Fargo bags $5 million prize for energy saving in national competition
FARGO — The city of Fargo has won a $5 million prize after two years of competing against 50 communities across the country in finding creative, effective ways to conserve energy and increase sustainability.
During the competition, it's estimated Fargo saved $2 million in gas and electric costs, according to Uwe Brandes, executive director of the Georgetown University Energy Prize, who came here to present the award on Monday, Dec. 18.
"Fargo built an extraordinary program that brought together the community through partnerships, leveraged local assets and a strong benchmarking system," Brandes said.
In 2014 the city signed on with the North Dakota Department of Commerce, North Dakota State University, Xcel Energy and Cass County Electric Cooperative to form a partnership called eFargo.
The collaboration led to the creation of a website that provided tips, data and games, featuring the evil character Waste-A-Watt, that showed students in Fargo and West Fargo school districts and their families how to save energy and lower utility bills.
With homes accounting for 85 percent of Fargo's energy use, Mayor Tim Mahoney said, Monday's recognition was made possible by the efforts of students, who brought home tips such as shutting off lights and using LED bulbs. The Waste-A-Watt game is being replicated for other school districts across the state.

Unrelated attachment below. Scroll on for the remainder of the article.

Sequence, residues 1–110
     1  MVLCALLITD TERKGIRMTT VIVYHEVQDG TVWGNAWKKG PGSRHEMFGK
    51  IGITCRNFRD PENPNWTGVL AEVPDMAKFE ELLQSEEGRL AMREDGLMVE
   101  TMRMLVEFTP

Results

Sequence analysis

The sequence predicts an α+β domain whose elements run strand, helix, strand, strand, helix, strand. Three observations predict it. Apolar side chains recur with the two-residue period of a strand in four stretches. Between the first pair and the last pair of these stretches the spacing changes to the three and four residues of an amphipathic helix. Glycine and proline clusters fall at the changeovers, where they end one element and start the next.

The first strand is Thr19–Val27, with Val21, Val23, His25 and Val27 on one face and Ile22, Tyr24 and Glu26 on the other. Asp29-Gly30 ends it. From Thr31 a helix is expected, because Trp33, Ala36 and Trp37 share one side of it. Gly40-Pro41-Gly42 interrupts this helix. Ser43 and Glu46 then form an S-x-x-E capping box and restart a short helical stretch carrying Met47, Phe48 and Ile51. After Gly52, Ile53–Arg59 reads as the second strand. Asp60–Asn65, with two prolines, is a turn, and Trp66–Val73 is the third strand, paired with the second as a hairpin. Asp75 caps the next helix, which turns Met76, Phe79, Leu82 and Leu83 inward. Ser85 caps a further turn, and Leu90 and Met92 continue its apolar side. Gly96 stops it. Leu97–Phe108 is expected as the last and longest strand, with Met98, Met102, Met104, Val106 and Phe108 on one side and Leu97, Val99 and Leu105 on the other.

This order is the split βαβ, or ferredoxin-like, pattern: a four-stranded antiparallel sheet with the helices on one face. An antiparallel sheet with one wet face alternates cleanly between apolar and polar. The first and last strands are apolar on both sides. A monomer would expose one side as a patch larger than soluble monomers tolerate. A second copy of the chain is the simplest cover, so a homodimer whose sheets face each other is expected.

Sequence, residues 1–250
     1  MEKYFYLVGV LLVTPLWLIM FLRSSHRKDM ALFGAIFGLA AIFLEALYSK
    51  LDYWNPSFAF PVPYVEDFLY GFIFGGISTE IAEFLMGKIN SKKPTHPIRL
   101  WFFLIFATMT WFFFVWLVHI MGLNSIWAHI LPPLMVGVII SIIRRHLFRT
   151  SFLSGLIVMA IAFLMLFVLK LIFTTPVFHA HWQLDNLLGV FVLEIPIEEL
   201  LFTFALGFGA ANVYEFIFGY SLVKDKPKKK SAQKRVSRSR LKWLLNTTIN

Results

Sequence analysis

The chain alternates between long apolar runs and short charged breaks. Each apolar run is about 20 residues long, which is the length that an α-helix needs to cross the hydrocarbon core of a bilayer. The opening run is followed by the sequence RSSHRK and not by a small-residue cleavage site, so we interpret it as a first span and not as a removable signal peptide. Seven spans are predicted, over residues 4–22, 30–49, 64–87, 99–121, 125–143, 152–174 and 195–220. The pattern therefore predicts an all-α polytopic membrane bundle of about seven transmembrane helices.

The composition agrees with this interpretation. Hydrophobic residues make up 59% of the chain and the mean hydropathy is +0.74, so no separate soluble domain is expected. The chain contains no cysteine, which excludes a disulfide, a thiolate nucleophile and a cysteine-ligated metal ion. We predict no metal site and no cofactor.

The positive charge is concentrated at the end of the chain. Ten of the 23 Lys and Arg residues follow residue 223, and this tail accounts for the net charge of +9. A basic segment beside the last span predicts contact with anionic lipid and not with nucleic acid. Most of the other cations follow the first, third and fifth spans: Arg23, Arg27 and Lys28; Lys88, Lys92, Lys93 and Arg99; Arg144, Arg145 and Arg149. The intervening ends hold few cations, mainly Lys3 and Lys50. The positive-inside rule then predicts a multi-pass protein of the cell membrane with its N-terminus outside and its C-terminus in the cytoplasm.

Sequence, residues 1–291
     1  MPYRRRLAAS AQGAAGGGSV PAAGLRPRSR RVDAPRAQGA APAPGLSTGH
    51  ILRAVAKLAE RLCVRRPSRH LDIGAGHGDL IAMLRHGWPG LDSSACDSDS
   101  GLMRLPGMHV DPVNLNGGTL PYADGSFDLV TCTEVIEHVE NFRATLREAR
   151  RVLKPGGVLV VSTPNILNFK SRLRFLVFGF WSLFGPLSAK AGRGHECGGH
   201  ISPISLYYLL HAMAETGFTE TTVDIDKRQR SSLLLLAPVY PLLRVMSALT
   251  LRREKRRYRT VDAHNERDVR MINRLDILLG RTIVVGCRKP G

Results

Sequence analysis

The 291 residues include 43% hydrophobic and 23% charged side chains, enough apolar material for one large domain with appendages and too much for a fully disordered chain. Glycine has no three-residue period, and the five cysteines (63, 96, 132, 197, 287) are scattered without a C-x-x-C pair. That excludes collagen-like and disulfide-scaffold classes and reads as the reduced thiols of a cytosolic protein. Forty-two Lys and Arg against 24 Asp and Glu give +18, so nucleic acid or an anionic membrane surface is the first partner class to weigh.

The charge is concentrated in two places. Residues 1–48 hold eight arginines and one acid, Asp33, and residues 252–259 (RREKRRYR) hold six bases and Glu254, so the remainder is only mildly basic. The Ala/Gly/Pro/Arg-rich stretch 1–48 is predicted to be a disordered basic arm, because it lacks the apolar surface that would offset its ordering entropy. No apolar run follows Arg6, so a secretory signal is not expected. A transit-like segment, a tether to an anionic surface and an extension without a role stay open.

Other energy-saving strategies involved the city providing financial assistance to low-income homeowners for weatherization and switching traffic lights to LED bulbs.
"In Fargo, we pride ourselves on expertly mining efficiencies. Today is an acknowledgement of that," Mahoney said. "I am convinced that the Georgetown University Energy Prize award will serve as a catalyst in the Fargo metro area's quest to attain real, sustainable energy savings and major carbon reductions."
Project leader and NDSU professor Malini Srivastava said the $5 million prize will be used to finance new sustainable energy projects in the community. She hopes to leverage the money to work toward a net-zero carbon future for the Fargo-Moorhead area.
"It's a cause for celebration," Srivastava said. "We're now the national leader. It gives us a responsibility to imagine an even better future with much greater savings."